epidemic nearly wiped the city off the map. Those who could afford to moved out
of the city, but Constance and

her order stayed in the city to care for those unable
to flee. So devastating was the epidemic that Memphis lost its charter as a city
and was not reorganized for fourteen years. Constance, along with the majority of
her order also died of yellow fever.

These people, also, are part of the “great cloud.” They, too, stand as
examples in their imitation of Christ. Yet, when we consider the cost that they
paid, and if we are honest, we hope that our lives do not follow their pattern.
Consider these words
by Mark Tabb, author of
Names of Heroes of the Faith

I have to be honest with you. I don’t want to trade places with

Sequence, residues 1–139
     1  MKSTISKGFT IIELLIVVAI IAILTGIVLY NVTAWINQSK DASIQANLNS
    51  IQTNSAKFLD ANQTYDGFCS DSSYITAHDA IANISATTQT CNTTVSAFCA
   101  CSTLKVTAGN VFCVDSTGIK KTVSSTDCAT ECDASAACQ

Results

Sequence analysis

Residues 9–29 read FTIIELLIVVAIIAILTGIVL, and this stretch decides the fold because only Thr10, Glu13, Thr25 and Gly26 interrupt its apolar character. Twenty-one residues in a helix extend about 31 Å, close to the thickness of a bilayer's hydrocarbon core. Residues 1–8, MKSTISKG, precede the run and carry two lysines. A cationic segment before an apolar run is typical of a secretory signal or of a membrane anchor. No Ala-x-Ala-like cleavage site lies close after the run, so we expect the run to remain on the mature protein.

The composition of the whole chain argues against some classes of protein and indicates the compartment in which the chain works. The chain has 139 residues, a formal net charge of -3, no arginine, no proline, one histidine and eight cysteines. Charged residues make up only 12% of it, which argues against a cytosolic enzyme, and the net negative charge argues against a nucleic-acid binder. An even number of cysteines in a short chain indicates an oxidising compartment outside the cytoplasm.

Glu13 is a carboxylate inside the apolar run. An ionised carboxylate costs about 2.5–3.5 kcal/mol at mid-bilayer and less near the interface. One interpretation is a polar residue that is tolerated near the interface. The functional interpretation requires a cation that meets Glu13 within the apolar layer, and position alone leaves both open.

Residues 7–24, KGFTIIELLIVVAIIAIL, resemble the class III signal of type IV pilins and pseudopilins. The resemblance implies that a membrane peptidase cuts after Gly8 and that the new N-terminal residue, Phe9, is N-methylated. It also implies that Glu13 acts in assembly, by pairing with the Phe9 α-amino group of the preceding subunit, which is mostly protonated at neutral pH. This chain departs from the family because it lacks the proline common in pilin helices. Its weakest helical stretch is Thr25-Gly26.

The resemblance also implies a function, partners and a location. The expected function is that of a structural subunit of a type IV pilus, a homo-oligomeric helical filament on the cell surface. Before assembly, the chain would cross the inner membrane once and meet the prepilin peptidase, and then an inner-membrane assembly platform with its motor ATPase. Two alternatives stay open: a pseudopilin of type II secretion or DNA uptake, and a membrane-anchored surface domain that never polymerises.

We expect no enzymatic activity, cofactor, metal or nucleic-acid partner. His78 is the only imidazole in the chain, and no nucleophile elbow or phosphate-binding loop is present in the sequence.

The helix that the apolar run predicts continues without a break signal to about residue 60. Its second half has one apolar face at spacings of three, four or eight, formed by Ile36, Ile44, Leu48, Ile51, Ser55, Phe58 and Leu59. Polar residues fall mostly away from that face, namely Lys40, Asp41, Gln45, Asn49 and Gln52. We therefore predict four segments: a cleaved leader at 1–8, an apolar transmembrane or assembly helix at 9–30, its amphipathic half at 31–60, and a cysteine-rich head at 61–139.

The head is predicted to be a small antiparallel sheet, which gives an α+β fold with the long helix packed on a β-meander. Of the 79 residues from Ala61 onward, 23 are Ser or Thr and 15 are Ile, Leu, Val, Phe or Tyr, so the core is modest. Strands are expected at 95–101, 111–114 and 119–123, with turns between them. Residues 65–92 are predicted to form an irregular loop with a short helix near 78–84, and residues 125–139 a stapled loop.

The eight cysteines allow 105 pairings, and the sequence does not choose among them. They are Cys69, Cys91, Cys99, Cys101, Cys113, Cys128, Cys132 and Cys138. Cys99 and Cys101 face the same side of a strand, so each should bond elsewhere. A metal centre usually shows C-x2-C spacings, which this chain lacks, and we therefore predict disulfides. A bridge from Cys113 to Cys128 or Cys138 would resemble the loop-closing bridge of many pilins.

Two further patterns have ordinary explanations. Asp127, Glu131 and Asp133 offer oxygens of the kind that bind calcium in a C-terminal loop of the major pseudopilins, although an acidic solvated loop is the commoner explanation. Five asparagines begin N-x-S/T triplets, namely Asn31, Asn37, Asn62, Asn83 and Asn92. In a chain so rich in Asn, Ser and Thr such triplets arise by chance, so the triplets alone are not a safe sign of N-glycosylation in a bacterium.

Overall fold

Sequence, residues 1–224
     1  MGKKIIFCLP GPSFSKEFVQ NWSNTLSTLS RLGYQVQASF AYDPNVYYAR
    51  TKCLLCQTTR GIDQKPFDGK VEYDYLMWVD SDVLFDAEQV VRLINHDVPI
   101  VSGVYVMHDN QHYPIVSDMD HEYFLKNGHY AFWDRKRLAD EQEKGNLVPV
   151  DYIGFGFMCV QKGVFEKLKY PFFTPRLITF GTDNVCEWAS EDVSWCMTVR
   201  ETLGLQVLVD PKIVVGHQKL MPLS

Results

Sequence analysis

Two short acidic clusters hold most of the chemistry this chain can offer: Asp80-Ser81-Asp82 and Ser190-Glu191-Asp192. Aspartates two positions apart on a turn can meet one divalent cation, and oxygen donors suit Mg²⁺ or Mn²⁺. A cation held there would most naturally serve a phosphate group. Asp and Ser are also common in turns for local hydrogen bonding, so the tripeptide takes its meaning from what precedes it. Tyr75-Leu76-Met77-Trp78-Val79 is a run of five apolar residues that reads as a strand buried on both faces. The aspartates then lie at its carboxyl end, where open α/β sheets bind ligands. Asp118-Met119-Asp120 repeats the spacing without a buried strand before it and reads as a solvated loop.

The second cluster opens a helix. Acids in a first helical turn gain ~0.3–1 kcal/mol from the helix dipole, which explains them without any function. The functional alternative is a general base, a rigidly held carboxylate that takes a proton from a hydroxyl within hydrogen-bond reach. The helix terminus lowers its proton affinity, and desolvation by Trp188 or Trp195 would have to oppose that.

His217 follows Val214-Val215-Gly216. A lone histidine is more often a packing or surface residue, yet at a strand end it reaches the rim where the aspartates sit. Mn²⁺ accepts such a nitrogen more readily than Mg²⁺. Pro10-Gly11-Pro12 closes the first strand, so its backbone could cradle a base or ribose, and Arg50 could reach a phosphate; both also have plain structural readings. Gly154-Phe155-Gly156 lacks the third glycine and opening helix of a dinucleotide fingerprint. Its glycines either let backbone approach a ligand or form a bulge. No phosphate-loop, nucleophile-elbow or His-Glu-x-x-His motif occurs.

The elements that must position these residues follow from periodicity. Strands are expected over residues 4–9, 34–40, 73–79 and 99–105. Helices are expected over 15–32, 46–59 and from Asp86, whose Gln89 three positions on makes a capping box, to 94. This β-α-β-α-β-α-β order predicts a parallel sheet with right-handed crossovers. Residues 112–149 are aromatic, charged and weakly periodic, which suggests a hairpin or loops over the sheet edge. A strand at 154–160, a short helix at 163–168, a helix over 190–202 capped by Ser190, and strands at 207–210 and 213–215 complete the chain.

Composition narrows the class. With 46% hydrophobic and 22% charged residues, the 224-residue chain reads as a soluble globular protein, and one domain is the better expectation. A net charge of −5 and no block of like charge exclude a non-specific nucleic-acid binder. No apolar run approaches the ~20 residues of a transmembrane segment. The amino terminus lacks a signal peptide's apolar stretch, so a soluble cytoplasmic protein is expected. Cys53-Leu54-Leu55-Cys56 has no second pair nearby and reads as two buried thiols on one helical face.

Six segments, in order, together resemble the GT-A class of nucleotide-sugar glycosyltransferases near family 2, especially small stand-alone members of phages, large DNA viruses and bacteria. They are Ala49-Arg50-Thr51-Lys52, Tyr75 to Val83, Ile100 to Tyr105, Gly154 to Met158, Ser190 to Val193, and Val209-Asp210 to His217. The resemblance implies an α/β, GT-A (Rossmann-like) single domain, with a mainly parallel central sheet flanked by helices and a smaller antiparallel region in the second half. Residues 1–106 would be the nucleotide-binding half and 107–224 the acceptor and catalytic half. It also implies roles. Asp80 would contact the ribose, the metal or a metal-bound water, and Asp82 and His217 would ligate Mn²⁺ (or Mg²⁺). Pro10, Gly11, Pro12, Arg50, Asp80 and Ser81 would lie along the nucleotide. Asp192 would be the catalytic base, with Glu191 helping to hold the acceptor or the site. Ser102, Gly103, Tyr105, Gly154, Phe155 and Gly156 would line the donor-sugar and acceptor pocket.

those so numerous the writer of Hebrews could not list their
names. I’m in no hurry to be beaten because I am a Christian or
to lose eve
rything I own as a price for following Jesus. Jeers
would be bad enough, but floggings? I shudder at the
thought…. The hardest part of thinking about all this is
knowing that “I” could become one of “them” at any moment.
Somewhere deep in the recesses
of my heart I always think,
“Better them than me” when I pray for people in tragic

I cannot speak for anyone else in this congregation, but I suspect that just as Mark
Tabb’s words ring a chord of truth in my heart, so it does in the hearts o
f most
North American Christians. Our faith in the United States is a cushy faith. We do
not face floggings or threats of being sawn in two. Sure we might face
discrimination by employers or neighbors, but how often has that come in a form
which threate
ns our very lives? How, then, do we prepare ourselves to live out the